International coal use, especially in emerging and developing economies that are growing exponentially, is increasing and having a disproportionate impact on climate change. Currently, there are roughly 8,500 coal power plants in operation worldwide, generating over a third of all electricity while producing a fifth of global greenhouse gas emissions, far outpacing other single sources. Within the power sector, 68% of global carbon emissions will come from coal over the next decade, according to the IEA.
While coal generation has dropped in the United States and Europe, the International Energy Agency (IEA) cites growth of coal use in China and other Asian countries that is keeping coal as the largest source of power generation (36% share of global power generation). Despite record coal plant retirements in the United States and the European Union, production in China alone is offsetting these retirements, according to a Global Energy Monitor report.
The report highlights key metrics that distinguish how China is impacting global efforts on coal reduction:
It is estimated roughly 60% of electricity generated in China, India and Indonesia is from coal, with another 90 percent of new coal power plan development coming from developing economies mostly in Asia. Carbon Brief provides an illustrated map to showcase currently global coal generation and where its greatest development is taking place.
As some nations move away from coal and nuclear power to other renewable sources like offshore wind, natural gas has been needed to support emission reductions and reliability. Yet, hostile actors like Russia are increasingly using energy as a geopolitical weapon to force desperate nations to concede to unrelated issues favorable to Russia. This has been exercised with gas shut offs to the Ukraine and with looming crises before the 2021-2022 winter season in Europe.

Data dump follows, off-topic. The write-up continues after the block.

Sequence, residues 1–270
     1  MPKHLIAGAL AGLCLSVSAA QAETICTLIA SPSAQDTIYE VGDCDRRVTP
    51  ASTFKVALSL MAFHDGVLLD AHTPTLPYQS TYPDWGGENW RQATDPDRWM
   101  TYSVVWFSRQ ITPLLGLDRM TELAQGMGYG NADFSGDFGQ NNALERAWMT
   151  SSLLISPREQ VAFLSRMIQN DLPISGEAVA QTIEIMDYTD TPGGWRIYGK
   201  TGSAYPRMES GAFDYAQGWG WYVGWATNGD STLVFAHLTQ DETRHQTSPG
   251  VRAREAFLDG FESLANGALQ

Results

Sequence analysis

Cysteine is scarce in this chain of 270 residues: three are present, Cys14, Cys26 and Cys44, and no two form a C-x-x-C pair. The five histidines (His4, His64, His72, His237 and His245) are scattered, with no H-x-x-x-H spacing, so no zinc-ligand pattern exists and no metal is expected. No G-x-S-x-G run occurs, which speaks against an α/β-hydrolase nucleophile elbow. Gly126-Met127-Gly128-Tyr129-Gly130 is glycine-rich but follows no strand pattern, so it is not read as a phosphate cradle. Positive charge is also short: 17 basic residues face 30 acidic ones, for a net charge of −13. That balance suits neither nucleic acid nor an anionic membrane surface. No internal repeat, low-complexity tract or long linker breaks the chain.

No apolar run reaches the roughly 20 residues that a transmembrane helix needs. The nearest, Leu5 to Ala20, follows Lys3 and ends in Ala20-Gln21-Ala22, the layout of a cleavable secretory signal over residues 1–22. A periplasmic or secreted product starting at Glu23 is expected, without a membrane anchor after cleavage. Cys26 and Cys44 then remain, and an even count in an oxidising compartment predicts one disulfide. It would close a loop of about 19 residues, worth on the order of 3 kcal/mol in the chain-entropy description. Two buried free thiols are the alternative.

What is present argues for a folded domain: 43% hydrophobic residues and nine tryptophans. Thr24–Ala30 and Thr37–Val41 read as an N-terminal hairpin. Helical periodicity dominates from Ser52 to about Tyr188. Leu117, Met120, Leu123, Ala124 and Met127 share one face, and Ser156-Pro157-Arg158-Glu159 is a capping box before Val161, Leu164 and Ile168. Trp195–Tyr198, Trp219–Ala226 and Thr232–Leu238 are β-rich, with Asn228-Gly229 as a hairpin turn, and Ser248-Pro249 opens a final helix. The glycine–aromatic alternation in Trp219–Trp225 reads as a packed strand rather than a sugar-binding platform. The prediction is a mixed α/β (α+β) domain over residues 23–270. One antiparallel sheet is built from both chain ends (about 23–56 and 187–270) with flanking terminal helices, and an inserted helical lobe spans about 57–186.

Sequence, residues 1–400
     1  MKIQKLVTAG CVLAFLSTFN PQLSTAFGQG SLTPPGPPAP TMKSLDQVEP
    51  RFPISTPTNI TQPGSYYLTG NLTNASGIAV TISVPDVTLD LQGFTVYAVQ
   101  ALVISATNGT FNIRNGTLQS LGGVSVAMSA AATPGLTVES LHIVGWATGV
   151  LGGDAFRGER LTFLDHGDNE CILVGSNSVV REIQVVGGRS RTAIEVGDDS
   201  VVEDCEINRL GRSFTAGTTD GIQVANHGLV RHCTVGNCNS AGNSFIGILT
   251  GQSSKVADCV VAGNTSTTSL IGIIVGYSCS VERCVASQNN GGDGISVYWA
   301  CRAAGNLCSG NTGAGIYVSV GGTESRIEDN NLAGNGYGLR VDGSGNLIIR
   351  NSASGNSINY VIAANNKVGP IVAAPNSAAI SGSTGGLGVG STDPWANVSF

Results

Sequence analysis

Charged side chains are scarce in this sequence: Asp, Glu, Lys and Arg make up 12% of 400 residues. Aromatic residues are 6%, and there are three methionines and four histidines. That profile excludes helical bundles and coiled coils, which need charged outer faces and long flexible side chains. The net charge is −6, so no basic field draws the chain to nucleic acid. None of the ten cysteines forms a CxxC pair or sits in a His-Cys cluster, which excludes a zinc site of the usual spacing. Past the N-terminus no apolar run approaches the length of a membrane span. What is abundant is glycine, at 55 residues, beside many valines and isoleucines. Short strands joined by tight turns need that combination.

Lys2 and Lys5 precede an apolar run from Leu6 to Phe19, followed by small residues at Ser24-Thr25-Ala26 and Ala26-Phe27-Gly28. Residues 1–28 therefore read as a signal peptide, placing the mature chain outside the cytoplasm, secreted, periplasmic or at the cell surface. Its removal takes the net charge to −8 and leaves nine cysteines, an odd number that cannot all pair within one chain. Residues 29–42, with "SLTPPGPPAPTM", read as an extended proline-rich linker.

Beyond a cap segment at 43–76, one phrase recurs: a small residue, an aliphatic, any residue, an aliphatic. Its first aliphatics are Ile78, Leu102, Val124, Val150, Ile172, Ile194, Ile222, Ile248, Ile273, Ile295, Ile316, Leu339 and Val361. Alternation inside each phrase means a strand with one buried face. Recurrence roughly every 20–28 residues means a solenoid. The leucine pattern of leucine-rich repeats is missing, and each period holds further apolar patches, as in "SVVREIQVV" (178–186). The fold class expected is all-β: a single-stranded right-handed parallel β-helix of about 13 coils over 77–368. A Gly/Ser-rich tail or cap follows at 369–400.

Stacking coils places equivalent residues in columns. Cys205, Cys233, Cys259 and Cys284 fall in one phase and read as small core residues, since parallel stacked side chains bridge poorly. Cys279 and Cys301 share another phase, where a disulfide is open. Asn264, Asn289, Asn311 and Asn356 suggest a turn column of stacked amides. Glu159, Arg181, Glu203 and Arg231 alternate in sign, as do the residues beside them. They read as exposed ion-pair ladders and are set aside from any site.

A major solution to help curb carbon emissions, support American jobs, and provide global energy security is to export U.S. Liquified Natural Gas (LNG). The benefits of transporting affordable natural gas to developing nations and Europe allows new economies abroad to flourish, helps secure current energy grids from potential crisis, and prevents bad foreign actors from withholding needed energy supply to our allies.
U.S. exported LNG is also a huge player in reducing global carbon emissions. A Western States and Tribal National Natural Gas Initiative study shows LNG shipped from the United States could account for a 42-55 percent reduction in net emissions if it is used to replace coal infrastructure in China, India, South Korea and Taiwan. The study accounts for all greenhouse gas emissions, not just carbon emissions, providing further proof of the monumental benefits export LNG will have worldwide.